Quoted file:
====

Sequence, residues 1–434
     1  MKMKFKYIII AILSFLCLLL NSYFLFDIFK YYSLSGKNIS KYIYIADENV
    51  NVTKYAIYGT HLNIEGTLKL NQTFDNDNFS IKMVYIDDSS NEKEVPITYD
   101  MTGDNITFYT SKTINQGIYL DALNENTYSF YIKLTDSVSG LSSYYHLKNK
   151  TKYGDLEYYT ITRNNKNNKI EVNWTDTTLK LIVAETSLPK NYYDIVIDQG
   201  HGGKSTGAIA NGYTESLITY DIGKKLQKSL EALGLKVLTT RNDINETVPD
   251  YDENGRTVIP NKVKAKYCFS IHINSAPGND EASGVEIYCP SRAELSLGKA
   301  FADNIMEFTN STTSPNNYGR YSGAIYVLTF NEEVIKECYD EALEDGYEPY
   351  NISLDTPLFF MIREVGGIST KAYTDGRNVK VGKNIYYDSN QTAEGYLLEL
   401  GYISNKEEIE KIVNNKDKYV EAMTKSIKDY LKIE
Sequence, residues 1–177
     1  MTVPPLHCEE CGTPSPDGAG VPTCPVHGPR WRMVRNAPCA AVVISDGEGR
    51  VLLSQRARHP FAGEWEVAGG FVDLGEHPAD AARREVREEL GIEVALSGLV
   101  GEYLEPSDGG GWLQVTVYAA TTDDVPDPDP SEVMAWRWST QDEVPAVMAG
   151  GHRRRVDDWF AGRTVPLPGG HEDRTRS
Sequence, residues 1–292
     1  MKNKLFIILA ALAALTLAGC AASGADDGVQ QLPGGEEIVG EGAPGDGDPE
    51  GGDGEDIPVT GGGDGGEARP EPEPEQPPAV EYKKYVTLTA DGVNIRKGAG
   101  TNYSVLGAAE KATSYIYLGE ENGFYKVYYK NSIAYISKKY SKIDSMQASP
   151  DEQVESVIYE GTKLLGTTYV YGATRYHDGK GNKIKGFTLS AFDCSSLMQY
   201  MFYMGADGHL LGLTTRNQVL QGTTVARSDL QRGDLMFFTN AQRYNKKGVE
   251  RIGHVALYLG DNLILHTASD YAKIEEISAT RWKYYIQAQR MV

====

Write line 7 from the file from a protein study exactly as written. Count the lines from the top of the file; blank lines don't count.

   251  YDENGRTVIP NKVKAKYCFS IHINSAPGND EASGVEIYCP SRAELSLGKA